Read as part of my Fifty Shades of Erotica
Kimberly Moore was a marine biologist until she was snatched off the street by the Harvest Association and sold as a slave. Raoul Sandoval is working with the FBI in order to bring down the Harvest Association (a process started in the previous book). He attends an auction with the orders to turn down the merchandise in order to get the chance to be invited to a bigger auction later. However, when he sees Kimberly and recognises her as Gabi's (the main character in the previous book) friend, he knows he can't leave her there - consequences be damned. In order not to arouse suspicion and to be in with a chance of performing a demonstration at the next big auction, Raoul must keep Kimberly with him and train her to be his. Kim must be able to fool the slavers that she truly is Raoul's slave, or else the whole FBI operation will be in jeopardy.
I said in my review of book five that I found Gabi to be a remarkably brave woman. Kimberly, to my surprise, managed to top her on the courage scale. She is an incredibly strong woman to have survived what she went through, and then to have made the choice to stay in Raoul's service rather than go into the witness protection programme. I really liked her as a person as well. She wasn't as bratty and back-chatty as some of the other subs in the series and, despite everything, she still had a great sense of humour. I think she might be one of my favourite subs in the series. :)
Raoul. Master R. I think Raoul is one of the more intense Doms in the Shadowlands (though no one yet, in my mind, has topped Master Dan). Raoul is looking for a 24/7 Master/slave relationship, something that is completely at odds with Kimberly's needs (at least at first). He's amazingly good with a whip (something that is demonstrated very early on and becomes quite important to the main story) and he practices a lot (which shows the care and attention he brings to everything he does). He also has a Spanish accent and uses Spanish endearments, which makes me weirdly happy. Imagining his voice is a pleasure, a bit like with Master Marcus. ^_^To Command and Collar
is darker than some of the other entries in the series, as it deals with themes of rape, slavery and torture. Be forewarned if you're going to pick this one up and any of that triggers bad memories.
I disagree with the reviews that say it was entirely unreasonable for Kimberly to stay with Raoul in his house. Firstly, the FBI agents gave her the choice between that and witness protection - Raoul himself urged
her to go into witness protection, but Kim wanted to help the women she had left behind. Secondly, it was necessary. If Kim had suddenly disappeared, the Harvest Association would have become suspicious and not contacted Raoul (in case someone found out he'd 'killed' her). Then they wouldn't have been able to get into the big auction and hundreds of other women would have suffered the same fate. Why is that so unreasonable? No one forced Kim to do a thing. In fact, every time something new came up, Raoul tried to keep Kim out of it but she was DETERMINED to do it. o.o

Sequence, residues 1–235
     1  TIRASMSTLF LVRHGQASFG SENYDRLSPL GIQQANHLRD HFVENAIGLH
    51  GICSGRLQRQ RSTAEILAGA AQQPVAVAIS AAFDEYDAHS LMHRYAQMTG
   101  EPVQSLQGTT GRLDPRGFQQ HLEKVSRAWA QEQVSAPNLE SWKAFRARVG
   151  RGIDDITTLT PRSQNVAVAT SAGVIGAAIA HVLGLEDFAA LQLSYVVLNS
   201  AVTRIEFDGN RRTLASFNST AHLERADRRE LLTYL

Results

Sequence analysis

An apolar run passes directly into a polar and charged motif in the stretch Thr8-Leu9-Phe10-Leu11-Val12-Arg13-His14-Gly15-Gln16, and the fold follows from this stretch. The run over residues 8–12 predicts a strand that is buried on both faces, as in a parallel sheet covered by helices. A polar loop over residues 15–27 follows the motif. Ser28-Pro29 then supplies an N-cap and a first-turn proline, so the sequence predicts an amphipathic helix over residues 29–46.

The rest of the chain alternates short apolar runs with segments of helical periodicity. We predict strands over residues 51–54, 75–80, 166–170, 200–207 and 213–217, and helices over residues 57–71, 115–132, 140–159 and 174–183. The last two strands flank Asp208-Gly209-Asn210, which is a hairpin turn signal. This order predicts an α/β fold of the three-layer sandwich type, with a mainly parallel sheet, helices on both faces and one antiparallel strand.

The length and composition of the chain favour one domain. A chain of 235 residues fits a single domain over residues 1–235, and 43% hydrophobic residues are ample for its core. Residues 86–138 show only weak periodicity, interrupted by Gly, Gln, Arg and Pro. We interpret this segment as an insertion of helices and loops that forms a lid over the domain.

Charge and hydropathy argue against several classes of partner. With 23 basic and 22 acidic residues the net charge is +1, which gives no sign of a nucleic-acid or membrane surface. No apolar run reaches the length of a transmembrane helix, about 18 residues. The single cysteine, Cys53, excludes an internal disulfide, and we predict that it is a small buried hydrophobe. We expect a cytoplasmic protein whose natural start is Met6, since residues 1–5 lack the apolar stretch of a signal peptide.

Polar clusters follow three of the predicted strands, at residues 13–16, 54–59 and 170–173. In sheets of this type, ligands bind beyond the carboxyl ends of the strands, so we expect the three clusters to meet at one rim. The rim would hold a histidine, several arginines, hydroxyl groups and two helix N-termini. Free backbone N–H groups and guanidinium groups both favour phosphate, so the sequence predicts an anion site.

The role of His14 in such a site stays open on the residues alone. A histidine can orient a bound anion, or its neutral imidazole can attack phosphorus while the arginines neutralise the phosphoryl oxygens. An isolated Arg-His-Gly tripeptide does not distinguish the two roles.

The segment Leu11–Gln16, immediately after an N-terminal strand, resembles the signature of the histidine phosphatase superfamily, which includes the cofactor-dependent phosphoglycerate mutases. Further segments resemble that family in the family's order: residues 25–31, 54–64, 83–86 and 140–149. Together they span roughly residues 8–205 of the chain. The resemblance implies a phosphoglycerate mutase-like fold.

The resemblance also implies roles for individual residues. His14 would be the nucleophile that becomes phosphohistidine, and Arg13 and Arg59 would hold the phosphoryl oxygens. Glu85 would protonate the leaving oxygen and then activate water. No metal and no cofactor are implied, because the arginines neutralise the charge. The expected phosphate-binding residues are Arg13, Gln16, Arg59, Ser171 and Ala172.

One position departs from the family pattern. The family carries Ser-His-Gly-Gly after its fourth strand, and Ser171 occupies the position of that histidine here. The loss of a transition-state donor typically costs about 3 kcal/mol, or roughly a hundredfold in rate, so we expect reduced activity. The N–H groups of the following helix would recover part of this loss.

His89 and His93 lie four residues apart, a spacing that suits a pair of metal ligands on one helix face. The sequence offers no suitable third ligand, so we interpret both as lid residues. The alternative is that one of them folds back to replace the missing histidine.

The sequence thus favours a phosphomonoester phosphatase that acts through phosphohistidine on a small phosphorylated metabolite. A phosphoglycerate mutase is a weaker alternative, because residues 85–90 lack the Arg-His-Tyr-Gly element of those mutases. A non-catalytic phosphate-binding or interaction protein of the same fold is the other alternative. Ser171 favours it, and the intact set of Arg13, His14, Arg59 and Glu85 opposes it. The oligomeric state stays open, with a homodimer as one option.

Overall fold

I also disagree with the reviews that complain about Kimberly's healing process. I mean, perhaps it is a bit quicker than it would be in real life because, let's face it, this is FICTION and the author is limited by page count and things. However, in no way was her recovery too easy or unrealistic, at least in my eyes. She's a submissive; she naturally craves to be dominated, though at the beginning of the novel it scares the hell out of her. She has panic attacks, nightmares, struggles through her fears, but Raoul is like a rock for her. He pushes her boundaries, though he doesn't move to fast or too far for her, and he does his best to keep her safe and happy under the difficult circumstances that they've been thrust into.
That aside, this book was a terribly tense read. A couple of times I had to put my kindle down in order to calm my nerves. Cherise Sinclair is a master of suspense; add that to her very real, very frightening villains and you have a potent mix. She also knows exactly how often to drag in little snippets from the villain's point of view, and how much to drag out the tension. This is a very hard thing to do, so it's something I admire greatly in her writing.
There were a couple of consistency problems that should really have been caught in a proofread, but they were not noticeable enough to be damning. The thing that stood out to me the most was the fact Kimberly noticed her wine glass was empty, and the next moment wine was sloshing about and she was worried about spilling it. This threw me and yanked me out of the story for a moment, but it's something that is easily done.
I also love how Cherise Sinclair manages to set up relationships for later potential novels, whilst not distracting too much from the main story. In this story, there were more hints of Sally and Vance/Galen, as well as the new potential relationship of Sam and Linda. I really like Master Sam, so I can't wait for Sinclair to write his story! <3 :)<br/>
Also, I loved the introduction of Dan and Kari's baby boy and the fact Kim bought him a babygro with 'Master Zane' and 'I give the orders around here' on it! See, Kim's great sense of humour. That might have been my favourite moment in the story, though I admit to being slightly baby-mad at the moment. :)
Overall, I really enjoyed this entry in the Shadowlands
series, and I'm sad that there's not yet another one to read! I'll be on the look out for the next one for sure! :)